Morris worked as the lead natural resource economist for the Treasury Department for nine years, according to her Brookings bio, as well as the senior economist for environmental affairs at the Council of Economic Advisers while the Kyoto Protocol was being developed. She also worked on the Hill as an adviser to the Joint Economic Committee.

GENSLER: CHINESE FIRMS NEED TO OPEN THEIR BOOKS — WSJ op-ed from SEC Chair Gary Gensler before his testimony this morning: “The Securities and Exchange Commission may need to prohibit trading in about 270 China-related companies by early 2024. The reason can be traced to the Enron and WorldCom accounting scandals.

“Congress passed the Sarbanes-Oxley Act in 2002, mandating inspections of public companies’ auditors by the Public Company Accounting Oversight Board. More than 50 foreign jurisdictions allow the board to ‘audit the auditors.’ Two do not: China and Hong Kong.”

A PEEK INTO BROWN’S TESTIMONY AT TUESDAY’S SEC HEARING — Per an excerpt from Banking Chair Sherrod Brown’s opening statement: “Chair Gensler, it’s your job to make sure that efficient markets are balanced with strong enforcement that protects Americans from the worst Wall Street greed and careless risk – even if that means challenging practices or shady investment products that previous chairs ignored. It also means working to increase transparency that the last Administration didn’t take seriously.”

FAKE WALMART RELEASE CAUSES CRYPTO DRAMA — From yours truly: “A false press release announcing Walmart would accept the cryptocurrency Litecoin caused the digital asset’s price to surge and then drop Monday morning as several media outlets published the news. The episode will likely trigger scrutiny by regulators because of concerns it may have been a pump-and-dump scheme. It affected the prices of multiple crypto assets.

“Litecoin rose more than 25 percent after a news release issued from Globe Newswire Monday morning said Walmart intended to collaborate with the nonprofit Litecoin Foundation ‘to give its millions of shoppers across the world an opportunity to seamlessly make payments with cryptocurrencies.’ Walmart spokesperson Randy Hargrove said later that the release was inaccurate and that it wasn’t clear where it had come from.”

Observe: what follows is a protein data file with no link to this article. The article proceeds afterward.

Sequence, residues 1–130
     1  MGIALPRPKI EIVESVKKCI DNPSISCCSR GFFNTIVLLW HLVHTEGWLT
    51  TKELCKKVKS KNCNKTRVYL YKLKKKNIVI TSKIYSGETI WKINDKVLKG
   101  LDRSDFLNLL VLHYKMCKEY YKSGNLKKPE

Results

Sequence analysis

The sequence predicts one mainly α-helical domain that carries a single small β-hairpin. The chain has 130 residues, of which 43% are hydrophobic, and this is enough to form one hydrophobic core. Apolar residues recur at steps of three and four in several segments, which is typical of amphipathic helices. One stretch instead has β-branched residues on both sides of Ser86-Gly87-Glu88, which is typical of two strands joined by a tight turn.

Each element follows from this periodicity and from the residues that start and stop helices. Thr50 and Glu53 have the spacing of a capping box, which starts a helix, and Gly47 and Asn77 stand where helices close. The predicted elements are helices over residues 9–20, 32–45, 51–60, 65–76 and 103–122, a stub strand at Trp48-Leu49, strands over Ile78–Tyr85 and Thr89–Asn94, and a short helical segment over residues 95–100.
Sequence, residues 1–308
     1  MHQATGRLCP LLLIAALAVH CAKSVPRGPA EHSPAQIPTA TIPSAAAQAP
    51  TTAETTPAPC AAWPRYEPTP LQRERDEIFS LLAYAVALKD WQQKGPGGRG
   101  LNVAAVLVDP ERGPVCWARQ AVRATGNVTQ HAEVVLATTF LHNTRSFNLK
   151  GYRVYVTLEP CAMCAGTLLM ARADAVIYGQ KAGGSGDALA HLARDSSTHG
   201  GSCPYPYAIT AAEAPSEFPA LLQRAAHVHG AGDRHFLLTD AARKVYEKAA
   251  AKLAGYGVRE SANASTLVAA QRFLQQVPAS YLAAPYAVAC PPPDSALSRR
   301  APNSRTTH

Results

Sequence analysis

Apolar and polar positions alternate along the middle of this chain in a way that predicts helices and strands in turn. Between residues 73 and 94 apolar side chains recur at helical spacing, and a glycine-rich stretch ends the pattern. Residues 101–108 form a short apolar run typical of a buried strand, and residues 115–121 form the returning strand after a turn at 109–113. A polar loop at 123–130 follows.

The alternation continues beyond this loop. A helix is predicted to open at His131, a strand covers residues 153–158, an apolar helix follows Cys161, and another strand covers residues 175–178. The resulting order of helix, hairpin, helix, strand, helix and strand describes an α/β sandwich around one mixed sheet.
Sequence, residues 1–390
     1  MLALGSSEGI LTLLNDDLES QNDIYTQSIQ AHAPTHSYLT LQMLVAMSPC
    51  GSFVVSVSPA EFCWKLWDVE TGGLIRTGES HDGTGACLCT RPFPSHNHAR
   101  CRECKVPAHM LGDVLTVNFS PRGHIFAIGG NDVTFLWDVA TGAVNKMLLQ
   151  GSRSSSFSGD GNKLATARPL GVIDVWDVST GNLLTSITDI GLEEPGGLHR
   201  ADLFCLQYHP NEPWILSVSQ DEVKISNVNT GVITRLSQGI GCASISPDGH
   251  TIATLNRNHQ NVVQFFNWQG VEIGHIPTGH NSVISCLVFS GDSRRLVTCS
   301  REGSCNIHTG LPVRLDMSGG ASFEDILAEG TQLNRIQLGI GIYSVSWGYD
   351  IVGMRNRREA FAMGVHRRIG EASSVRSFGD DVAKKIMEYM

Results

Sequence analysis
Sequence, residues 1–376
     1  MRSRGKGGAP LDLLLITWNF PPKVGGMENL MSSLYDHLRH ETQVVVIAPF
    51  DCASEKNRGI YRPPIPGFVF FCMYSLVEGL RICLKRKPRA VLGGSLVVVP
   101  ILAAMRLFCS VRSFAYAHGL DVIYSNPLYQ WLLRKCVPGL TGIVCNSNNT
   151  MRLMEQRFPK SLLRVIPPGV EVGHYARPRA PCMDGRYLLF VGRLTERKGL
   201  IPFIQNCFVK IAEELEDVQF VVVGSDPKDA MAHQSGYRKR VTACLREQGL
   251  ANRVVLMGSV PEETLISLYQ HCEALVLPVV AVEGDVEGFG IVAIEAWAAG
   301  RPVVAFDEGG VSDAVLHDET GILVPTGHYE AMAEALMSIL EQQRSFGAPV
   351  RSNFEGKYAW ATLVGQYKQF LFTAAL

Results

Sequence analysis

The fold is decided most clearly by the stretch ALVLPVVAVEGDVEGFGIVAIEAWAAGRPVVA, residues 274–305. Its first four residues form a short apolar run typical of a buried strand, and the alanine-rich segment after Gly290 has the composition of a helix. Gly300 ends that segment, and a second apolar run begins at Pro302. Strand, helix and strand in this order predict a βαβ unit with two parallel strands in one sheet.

The SEC later said in a statement that it “does not comment on the existence or nonexistence of a possible investigation.”

REALTORS FIGHT BACK ON ANTITRUST PROBE — Our Leah Nylen: “The National Association of Realtors has asked a federal court to block the Justice Department from backing out of an antitrust settlement the Trump administration reached with the trade group. The organization — which represents 1.4 million real estate professionals — said the DOJ’s decision to withdraw the settlement ‘will set a potentially catastrophic precedent’ and wants a court order prohibiting prosecutors from continuing to investigate the group’s rules about real estate listings.

Trump’s Assistant Attorney General for Antitrust Makan Delrahim reached a settlement with NAR in October. The group agreed to drop rules that prohibited real estate listings from disclosing a buyer-agent’s commission and changed its policy that limited the ability of agents who aren’t affiliated with it to access lockboxes and show homes for sale. In exchange, the Justice Department agreed to close other aspects of the probe, such as NAR’s rules on how and when listings must be displayed. Some of NAR’s rules on listings have led to other antitrust suits, including one by real estate startup Rex against the group and Zillow.